Tuesday, December 08, 2009

Air cooled wok to reduce water use

Single Burner Luus Waterless WokDiagram showing heat shield around the wok ring and air gap, eliminating the need for water coolingCSIRO has developed an air cooled wok for commercial kitchens to reduce water use. Usually water is used to cool the wok. This saves about 5,000 litres of water a day, per stove. The unit has a heat shield around the burner and an air gap, reducing transfer of heat to the stove top and removing the need for water cooling. While the units are described as "waterless" they still use some water, but have features such as a timer to automatically turn off the water so the operator can't leave it running. An example is the Luus Waterless Wok range.
CSIRO Food Sciences, supported by Sydney Water, has developed an air-cooled wok burner with a user-activated spout, which not only reduces water consumption by 90% but also halves gas consumption. It is understood that Sydney Water is working to make the design commercially available. All models commercially available at present are of the conventional water-cooled type. ...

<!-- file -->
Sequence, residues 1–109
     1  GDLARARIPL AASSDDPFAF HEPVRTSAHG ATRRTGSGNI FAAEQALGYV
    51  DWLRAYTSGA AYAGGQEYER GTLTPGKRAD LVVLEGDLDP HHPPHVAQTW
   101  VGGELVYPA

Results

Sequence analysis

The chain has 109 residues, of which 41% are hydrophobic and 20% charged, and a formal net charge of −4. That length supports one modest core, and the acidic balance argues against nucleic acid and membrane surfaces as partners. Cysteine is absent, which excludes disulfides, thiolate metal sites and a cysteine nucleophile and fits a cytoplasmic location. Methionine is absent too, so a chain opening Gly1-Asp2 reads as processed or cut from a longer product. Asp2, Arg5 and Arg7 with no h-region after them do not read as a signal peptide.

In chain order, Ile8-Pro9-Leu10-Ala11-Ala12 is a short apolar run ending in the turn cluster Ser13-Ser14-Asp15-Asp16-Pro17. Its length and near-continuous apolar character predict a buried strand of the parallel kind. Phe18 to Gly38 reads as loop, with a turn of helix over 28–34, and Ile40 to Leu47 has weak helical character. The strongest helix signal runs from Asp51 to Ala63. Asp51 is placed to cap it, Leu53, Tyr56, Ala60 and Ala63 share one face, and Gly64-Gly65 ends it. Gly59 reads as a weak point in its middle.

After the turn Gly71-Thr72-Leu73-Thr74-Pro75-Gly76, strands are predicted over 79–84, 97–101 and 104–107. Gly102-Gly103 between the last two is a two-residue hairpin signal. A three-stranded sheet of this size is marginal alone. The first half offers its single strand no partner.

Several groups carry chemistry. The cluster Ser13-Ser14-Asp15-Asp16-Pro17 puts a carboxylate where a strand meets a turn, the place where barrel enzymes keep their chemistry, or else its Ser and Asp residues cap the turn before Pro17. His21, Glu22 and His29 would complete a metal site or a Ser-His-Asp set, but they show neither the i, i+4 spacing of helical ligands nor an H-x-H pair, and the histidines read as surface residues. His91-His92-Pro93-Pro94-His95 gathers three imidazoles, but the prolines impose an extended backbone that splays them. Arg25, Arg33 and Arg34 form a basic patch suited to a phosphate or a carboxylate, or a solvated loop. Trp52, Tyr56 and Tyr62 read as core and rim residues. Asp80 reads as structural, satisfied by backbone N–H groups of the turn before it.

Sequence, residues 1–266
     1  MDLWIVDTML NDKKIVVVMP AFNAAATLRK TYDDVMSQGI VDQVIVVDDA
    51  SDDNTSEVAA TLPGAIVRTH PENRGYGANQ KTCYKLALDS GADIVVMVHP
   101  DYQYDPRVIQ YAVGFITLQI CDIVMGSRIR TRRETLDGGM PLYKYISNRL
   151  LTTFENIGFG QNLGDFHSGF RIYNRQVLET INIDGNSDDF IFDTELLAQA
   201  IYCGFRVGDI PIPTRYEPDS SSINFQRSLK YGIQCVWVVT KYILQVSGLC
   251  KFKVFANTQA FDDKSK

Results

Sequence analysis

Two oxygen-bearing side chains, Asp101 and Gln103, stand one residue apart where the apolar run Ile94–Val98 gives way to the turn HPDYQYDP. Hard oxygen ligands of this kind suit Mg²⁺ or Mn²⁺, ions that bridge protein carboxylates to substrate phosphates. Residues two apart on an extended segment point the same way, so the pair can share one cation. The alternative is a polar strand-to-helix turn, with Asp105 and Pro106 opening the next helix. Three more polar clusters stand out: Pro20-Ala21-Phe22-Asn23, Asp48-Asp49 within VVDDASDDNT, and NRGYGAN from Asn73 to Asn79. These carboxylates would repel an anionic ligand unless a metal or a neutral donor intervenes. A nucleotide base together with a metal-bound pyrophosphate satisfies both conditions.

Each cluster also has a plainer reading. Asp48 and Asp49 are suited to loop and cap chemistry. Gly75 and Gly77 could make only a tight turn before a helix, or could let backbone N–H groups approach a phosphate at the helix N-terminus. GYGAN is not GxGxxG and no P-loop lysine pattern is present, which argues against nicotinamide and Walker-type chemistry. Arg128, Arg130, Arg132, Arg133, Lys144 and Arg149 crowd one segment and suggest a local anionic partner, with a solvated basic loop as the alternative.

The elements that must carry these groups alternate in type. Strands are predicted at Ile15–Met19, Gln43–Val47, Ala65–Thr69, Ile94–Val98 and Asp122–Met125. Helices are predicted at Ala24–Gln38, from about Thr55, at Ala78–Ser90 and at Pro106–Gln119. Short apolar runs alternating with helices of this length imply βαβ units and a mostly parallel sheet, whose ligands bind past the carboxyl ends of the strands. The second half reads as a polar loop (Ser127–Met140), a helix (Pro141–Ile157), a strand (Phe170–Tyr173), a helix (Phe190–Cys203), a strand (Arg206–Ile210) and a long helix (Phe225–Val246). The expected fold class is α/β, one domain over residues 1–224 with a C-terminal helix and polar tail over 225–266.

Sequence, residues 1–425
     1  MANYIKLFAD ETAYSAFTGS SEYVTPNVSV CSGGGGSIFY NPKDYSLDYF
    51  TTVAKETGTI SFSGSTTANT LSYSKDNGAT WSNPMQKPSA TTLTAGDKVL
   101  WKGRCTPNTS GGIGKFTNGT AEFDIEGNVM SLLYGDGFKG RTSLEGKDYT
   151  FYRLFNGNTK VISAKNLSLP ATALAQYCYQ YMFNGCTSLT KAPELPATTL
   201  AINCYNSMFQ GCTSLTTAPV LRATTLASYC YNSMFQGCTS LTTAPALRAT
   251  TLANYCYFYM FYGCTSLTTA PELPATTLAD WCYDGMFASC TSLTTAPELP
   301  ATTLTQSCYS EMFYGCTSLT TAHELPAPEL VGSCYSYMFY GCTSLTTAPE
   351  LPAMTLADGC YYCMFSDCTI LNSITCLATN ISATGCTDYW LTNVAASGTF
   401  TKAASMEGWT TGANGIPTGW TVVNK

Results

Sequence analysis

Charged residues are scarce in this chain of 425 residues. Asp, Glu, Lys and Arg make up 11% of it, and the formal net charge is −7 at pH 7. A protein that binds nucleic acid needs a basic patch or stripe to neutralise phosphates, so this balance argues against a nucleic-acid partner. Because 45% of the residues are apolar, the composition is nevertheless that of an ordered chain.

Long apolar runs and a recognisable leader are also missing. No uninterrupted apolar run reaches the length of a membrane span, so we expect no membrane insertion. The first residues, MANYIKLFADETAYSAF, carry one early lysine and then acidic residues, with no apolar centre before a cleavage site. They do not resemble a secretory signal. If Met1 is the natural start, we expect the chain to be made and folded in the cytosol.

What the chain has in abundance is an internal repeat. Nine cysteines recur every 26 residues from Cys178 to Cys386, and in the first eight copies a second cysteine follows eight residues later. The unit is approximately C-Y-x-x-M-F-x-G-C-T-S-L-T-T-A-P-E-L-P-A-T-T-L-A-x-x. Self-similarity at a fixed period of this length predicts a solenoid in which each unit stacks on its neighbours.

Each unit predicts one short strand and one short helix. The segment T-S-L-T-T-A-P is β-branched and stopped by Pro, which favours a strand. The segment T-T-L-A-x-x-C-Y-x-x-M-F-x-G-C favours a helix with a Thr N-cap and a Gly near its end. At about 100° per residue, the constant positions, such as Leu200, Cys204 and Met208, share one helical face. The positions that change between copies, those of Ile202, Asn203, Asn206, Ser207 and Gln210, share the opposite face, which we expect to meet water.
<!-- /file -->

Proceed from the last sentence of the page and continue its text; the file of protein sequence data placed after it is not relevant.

From: Switch on Gas - Revised Work Plan for 2007 to 2007/08, Report No: 2006/11, DRAFT DISCUSSION PAPER, EQUIPMENT ENERGY EFFICIENCY GAS PROGRAMME, E3 Gas Secretariat, Australian Greenhouse Office, October 2006

Labels: , , ,

Saturday, August 08, 2009

Low cost water filters for developing nations

Stuart Forsyth talked about Abundant Water at the Engineers Without Borders Canberra meeting in Canberra on Thursday. AbundantWater.org is a non-profit organisation developing a system using low cost clay pot water filters for developing nations.

The water filters are made from local clay mixed with organic material to make pots using traditional local craft techniques. When fired, the organic material burns away leaving fine pores in the clay which filer out bacteria.

The filters are claimed to have been developed by materials scientist Mr Tony Flynn of the Australian National University. There is a step-by-step guide (PDF 169k) to making the filters.

However, while Mr. Flynn may have researched how to make an effective filter, it is too much to claim to have invented the clay pot filter. Potters have known since the discovery of fired clay, that if you mix some organic material with the clay you end up with a porous pot.

The key to the Abundant Water project seems to be to transfer the technology to the local communities. The local existing potting techniques can be used and local staff employed.